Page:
Meerkat populations have been dwindling because of the danger they face from highly venomous scorpions in their breeding grounds.

Unless you are a zoologist or a big fan of the television show Meerkat Manor, you probably don't know that the sentence above is completely untrue -- meerkats are actually immune to the venom of the scorpions in the Kalahari. Without prior knowledge, though, it would have been difficult to figure out that what I wrote is utter bunk, since I wrote it declaratively and I managed to get it published for you to read. And it seems to make sense.

The average American does not have an advanced degree in economics, nor should they. But in the world we live in, a pretty thorough understanding of economics is often essential to ferret (or possibly meerkat) out the facts from what we hear in the news.

Here are three myths that feel like sandpaper on my brain when I hear them perpetuated in the popular -- and sometimes less-popular -- media.

Myth 1: Spending by the U.S. government is the only thing keeping us from the abyss -- and that's not sustainable.

Reality: Don't get me wrong, I love blaming the government just as much as the next guy. Whether it's a stubbed toe or bad weather, it seems there's never a bad reason to shake your fist at Uncle Sam.

But alas, the numbers simply don't support blaming government spending for creating an unsustainable economy. Thanks largely to a hefty amount of defense spending, the government's share of the economy reached nearly 30% in the 1960s, but it's steadily fallen since then and made up just more than 18% of GDP in the first quarter of 2009.

I'm sure that defense contractors like Lockheed Martin and Boeing (NYSE:BA) would love it if the government ramped defense spending to past levels, but I think they may be out of luck in that regard.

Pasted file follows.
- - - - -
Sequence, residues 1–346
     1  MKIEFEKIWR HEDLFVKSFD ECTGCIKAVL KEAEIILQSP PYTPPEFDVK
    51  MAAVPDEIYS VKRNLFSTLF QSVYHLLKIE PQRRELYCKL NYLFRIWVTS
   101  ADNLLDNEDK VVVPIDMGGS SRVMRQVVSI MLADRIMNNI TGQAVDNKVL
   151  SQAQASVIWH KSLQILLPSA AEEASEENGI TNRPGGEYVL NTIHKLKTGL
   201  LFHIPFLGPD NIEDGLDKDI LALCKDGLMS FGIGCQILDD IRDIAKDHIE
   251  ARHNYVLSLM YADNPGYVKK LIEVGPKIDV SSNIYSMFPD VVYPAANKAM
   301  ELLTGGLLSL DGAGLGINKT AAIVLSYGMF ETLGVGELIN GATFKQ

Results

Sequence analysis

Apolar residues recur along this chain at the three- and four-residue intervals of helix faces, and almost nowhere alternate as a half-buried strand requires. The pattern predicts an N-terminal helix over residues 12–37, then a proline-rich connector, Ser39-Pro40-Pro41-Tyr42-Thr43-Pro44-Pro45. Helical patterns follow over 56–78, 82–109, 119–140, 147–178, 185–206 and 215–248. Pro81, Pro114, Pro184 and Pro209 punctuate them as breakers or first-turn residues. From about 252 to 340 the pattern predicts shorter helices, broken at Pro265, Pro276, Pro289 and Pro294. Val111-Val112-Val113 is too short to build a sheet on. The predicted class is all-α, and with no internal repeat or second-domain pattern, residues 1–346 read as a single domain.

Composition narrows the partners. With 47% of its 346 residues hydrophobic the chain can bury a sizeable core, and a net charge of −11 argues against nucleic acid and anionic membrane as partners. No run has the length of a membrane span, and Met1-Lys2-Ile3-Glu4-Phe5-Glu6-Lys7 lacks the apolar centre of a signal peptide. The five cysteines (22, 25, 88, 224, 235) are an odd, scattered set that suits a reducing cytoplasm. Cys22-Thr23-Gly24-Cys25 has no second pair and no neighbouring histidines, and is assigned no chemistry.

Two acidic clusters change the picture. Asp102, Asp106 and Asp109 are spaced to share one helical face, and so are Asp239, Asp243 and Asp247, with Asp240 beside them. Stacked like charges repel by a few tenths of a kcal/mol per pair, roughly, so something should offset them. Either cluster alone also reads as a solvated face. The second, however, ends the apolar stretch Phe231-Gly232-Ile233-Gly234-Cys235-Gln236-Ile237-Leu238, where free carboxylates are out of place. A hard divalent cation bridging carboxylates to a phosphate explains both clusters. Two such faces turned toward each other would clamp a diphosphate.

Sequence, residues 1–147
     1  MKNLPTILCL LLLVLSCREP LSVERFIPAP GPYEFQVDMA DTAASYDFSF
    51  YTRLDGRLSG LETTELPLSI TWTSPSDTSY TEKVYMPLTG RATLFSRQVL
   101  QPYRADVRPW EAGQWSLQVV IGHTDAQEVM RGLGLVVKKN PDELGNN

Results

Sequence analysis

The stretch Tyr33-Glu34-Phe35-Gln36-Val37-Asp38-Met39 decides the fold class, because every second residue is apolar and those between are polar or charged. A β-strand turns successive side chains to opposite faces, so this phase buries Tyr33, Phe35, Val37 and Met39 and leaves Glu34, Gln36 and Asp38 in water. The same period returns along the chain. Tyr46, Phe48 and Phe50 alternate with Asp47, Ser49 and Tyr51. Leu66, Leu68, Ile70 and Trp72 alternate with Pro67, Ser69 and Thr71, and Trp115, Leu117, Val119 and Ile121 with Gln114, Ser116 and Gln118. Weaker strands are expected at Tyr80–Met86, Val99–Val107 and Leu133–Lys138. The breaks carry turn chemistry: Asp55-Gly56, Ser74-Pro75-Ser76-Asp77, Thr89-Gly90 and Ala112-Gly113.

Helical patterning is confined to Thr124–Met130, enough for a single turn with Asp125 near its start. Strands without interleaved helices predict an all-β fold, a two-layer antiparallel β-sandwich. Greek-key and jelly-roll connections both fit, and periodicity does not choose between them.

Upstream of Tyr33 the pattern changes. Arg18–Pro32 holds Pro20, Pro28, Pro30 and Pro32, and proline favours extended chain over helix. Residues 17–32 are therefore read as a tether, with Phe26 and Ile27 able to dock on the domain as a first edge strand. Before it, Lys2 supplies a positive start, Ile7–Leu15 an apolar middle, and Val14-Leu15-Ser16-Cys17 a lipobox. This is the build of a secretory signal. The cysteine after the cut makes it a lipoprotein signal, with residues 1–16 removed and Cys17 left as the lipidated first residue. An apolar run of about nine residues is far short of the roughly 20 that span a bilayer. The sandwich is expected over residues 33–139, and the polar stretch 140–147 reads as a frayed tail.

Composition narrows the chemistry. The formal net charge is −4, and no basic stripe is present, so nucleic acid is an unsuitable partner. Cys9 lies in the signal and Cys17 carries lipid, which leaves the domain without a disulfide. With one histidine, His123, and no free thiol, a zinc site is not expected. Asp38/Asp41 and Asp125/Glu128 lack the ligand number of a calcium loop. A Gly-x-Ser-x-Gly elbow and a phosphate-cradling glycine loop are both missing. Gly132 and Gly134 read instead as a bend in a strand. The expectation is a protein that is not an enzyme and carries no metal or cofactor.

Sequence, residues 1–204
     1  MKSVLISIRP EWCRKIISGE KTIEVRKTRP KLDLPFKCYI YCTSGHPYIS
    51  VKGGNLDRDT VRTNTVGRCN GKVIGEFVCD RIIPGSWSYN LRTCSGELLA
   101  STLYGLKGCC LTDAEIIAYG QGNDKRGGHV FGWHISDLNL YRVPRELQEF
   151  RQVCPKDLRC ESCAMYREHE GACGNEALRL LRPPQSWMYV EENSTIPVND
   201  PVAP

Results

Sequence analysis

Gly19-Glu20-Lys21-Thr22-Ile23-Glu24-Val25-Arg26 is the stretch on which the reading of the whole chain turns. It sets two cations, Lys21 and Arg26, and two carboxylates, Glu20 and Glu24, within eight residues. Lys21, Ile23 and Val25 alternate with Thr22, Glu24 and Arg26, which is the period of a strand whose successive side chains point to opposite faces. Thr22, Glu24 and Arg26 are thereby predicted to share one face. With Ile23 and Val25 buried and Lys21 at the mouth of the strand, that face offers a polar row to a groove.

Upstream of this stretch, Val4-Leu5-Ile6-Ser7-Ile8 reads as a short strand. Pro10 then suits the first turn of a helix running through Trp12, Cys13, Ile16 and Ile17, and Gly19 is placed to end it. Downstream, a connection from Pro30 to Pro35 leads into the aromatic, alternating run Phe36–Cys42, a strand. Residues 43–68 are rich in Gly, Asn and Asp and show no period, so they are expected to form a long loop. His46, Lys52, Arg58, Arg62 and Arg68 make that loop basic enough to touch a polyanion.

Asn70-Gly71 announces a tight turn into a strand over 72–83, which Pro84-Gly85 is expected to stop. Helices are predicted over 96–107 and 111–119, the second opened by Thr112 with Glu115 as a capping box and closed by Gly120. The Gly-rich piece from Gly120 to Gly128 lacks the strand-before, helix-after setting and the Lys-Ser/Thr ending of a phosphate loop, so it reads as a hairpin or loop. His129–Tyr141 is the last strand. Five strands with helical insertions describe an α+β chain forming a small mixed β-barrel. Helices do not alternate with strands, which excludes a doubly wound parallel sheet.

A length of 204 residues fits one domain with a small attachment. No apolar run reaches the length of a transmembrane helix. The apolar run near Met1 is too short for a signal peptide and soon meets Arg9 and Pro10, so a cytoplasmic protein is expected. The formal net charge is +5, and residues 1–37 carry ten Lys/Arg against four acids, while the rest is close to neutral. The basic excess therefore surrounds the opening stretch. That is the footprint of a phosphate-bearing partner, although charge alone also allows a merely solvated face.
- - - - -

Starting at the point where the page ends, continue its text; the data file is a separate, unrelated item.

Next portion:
And then there are those who would like to see the government make up a much smaller portion of the U.S. economy. That's a subject for another article (potentially in a political publication). For now, the point is that government spending is well within the bounds of where it's been for a long time.

Myth 2: Consumer spending on superfluous items like big-screen TVs and Coach purses has been driving the U.S. economy, and is now set to ruin it.

Reality: Right about now I'm sure companies like Coach (NYSE:COH) and Best Buy (NYSE:BBY) wish there were a problem with excessive spending on discretionary items. But job losses and concerns about where the economy could be headed have caused many consumers to scale back their discretionary budget, and this has many investors spooked.

There is reason to be concerned about consumer spending, as it makes up more than 70% of GDP. And there's likewise reason for near-term concern if you're considering an investment in a company like Starbucks (NASDAQ:SBUX); as long as the recession stretches on, consumers are likely to be cautious about discretionary spending.

However, the concern that the entire U.S. economy is perched atop a massive mountain of unsustainable discretionary spending is simply untrue. As a percentage of total consumption spending, purchases of clothing and accessories declined from nearly 15% in 1930 to about 9% in 1970 and sits at around 5% today.